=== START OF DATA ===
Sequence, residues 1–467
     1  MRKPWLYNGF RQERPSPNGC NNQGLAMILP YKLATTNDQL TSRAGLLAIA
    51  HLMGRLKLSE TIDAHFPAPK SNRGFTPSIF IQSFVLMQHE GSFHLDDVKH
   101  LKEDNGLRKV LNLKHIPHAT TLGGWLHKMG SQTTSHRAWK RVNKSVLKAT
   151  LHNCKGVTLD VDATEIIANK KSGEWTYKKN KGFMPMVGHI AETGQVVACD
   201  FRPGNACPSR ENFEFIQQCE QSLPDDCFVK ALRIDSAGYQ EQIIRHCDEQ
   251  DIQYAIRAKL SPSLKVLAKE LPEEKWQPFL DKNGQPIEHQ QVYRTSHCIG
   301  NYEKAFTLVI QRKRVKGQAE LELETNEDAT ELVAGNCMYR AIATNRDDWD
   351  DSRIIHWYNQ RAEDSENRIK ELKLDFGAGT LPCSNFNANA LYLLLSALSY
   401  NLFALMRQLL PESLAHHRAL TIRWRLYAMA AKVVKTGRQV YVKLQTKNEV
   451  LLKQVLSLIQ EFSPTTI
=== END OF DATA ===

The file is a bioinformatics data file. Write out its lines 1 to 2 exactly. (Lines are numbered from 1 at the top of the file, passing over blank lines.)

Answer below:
Sequence, residues 1–467
     1  MRKPWLYNGF RQERPSPNGC NNQGLAMILP YKLATTNDQL TSRAGLLAIA